June 20, 2014

Peter Pan's Dagger

While this year has been very busy between building our new vacuum former, refurbishing the Dalek, and looking for a house, I had a commission come up for Peter Pan’s dagger from the Disney classic. Seeing how David has made some really awesome bladed props the last few years, I thought it would be a fun reason to try one myself.


The first step was to sketch out a template for the dagger. Most prop builders I know nowadays use Illustrator for this step, but I still like to use graph paper and a pencil. Using several screen caps and a kitchen knife for size reference, I made a full size sketch of the dagger in 2 views. The drawing was then scanned and sent to the client so she could verify if scale would work for her. Once I received approval it was time to start cutting.



The build started with two pieces of ¼” MDF glued together to form a ½” piece, which would be my blade thickness. The pattern I created was printed full size and traced onto the wood, then cut out using a scroll saw. The centerline was then transferred to both sides of the blank.


I stated shaping the blade by adding the curve as seen looking at the side of the blade. Reference lines were drawn on the sides then the blank was shaped with a belt sander and the mid line replaced. Using a dremmel with a sanding drum, I carefully shaped the blade to provide a knife edge. Once it was rough shaped with the dremmel I cleaned it up with my palm sander.



For the handle and guard I added two more layers of MDF to the handle, and then shaped it using a combination of belt sander, palm sander, and dremmel. One I reached a shape I was happy with, I added bondo to the guard to create the taper that goes to the edge. The dagger was then puttied, primed, and sanded until it had a smooth surface finish.




Originally I intended to paint the dagger using Rustoleum Metallic paint from Home Depot (the stuff with the trigger on the can). I painted the blade first, let it cure for a day, then masked it off and painted the handle. When I removed the masking, I found that the paint was still soft and the masking left texture in the paint. After 3 days the paint was not getting better, and I ended up sanding the entire thing back down to wood. After this nightmare, I used automotive paint from O’Reily’s for the handle and Rub’N Buff for the blade. The knife was then weathered with acrylic paint.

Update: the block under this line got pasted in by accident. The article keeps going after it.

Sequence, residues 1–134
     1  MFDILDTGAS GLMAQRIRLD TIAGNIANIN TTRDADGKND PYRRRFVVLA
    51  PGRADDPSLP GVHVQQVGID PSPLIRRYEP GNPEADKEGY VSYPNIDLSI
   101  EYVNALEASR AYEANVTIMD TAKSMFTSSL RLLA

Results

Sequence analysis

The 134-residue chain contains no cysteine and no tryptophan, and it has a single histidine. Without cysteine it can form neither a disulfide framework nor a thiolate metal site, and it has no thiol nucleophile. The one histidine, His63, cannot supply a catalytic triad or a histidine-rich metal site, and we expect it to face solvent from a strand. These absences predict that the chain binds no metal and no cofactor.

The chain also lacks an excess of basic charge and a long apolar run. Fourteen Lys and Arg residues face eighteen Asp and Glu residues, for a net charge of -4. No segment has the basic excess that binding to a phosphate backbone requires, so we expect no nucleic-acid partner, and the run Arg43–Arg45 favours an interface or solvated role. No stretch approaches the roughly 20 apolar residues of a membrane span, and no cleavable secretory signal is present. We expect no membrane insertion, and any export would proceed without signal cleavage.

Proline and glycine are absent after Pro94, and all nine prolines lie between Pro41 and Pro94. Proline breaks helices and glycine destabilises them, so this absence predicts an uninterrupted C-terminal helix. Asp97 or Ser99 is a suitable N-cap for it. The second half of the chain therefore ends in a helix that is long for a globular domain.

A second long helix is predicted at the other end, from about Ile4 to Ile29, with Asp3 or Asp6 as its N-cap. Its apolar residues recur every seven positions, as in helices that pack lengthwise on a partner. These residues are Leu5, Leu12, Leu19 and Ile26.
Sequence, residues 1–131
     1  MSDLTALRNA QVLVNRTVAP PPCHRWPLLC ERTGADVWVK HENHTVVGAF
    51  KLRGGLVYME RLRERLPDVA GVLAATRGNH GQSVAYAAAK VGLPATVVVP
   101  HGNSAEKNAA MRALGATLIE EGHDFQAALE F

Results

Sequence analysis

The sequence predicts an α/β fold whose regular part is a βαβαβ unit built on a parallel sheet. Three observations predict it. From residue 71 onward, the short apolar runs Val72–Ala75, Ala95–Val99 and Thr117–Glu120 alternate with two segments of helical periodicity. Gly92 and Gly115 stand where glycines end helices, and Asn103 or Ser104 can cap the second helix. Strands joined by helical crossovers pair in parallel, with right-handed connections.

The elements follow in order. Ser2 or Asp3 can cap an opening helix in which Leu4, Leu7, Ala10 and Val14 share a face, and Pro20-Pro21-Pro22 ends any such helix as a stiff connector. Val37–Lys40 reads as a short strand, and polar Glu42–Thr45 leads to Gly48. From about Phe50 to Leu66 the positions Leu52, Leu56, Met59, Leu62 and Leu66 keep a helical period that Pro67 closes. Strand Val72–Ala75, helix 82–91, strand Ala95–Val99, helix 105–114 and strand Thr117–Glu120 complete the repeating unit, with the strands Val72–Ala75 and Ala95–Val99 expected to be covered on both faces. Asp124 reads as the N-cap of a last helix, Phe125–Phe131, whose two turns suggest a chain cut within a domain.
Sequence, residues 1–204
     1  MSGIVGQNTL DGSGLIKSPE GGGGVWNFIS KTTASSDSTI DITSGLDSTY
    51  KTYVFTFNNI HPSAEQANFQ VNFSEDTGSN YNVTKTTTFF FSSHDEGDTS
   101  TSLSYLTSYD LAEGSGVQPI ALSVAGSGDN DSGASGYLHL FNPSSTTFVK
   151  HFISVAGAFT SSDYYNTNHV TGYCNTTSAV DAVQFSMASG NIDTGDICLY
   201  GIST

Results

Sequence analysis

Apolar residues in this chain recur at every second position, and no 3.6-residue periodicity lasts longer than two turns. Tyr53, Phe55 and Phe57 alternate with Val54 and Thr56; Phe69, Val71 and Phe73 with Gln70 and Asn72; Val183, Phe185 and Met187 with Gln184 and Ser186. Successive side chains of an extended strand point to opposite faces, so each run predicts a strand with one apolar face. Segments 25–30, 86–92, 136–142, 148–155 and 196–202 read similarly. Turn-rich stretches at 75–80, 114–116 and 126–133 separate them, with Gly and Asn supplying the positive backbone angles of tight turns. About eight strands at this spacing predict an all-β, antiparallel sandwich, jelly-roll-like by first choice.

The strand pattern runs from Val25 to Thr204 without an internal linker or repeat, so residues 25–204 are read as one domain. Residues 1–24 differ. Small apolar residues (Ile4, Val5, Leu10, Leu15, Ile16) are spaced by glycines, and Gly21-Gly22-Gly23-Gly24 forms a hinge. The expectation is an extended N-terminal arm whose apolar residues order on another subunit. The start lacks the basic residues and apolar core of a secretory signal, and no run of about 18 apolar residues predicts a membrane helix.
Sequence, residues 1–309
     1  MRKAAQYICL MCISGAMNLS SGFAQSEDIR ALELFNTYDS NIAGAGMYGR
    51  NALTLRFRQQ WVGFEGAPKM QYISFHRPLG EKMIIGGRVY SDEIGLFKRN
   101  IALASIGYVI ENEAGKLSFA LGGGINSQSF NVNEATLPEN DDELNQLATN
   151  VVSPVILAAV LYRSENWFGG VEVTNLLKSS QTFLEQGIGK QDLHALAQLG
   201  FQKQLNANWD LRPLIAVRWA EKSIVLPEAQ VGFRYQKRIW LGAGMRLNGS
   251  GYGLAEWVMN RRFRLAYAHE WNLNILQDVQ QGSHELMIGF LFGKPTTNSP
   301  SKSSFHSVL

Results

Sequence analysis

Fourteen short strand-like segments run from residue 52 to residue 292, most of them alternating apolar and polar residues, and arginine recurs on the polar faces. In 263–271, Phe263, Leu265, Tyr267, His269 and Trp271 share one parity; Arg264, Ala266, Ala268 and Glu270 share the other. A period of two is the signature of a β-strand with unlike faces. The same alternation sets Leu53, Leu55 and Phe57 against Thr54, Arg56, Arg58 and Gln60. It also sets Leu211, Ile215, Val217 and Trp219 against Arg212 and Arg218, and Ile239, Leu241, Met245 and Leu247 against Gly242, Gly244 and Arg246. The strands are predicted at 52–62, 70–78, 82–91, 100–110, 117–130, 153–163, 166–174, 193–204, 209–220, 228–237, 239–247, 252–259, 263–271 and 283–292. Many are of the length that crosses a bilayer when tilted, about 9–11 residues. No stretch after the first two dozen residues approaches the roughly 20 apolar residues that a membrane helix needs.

Although it wasn’t requested, I opted to make a matching holster for the dagger since it allowed me to use our new vacuum former. I started my making a buck for each half of the holster with the same outline. The buck for the back half has a raised surface so I could mount snaps as attachment points for a belt loop. I then pulled a sheet of styrene over both bucks, then leaving the first layer of plastic on pulled a second sheet. This gave two sets where one shell can fit into the other. To minimize any appearance of seems I decided to use the set where the back shell slides into the front shell.




Three layers of felt were glued into each half using Goop, then the two halves were glued together with super glue. The seam was blended with bondo. I went through a lot of back and forth on how to finish the holster. In the cartoon, the holster is the same color as the belt, but other than that there is not much detail on if it is leather or a hard shell. Initially I thought about covering it with faux leather, but that may not have matched the client’s existing belt. I then considered making it look like wood, but again found myself wondering what wood, light or dark, would match the existing costume. I eventually decided to play it safe and make it the same color as the handle. That way, it looks like one complete set regardless of the belt. As with the handle, the holster was weathered to give it an aged, antique appearance. Once this was done I took the project over to David’s for a photoshoot.






Our normal shipping method for finished props is to enclose them in a wood box lined with foam padding or pink foam board to increase the chance it will make it to its destination in one piece. On this project I wanted to try something a little different to improve presentation of the prop. Taking a trip to Hobby Lobby I found a wood box that was the perfect size for the dagger. I finished the box with stain and polyurethane then lined the inside with green foam and stretch velvet (same stuff I use on the fabric mau5 heads). The result was a storage box almost as impressive as the items stored within it.




It was a fun little build and now we can add “Disney Classics” to the ever growing list of source material we built from. I also learned a few things I hope to implement with an upcoming project I’d like to build from the web series RWBY or Loki if I ever get around to it.

While things are a bit hectic with the move and Dalek upgrades I was able to finish one more prop this year. Be on the lookout for Marshall Lee’s axe guitar build write up coming soon!

More build pictures here!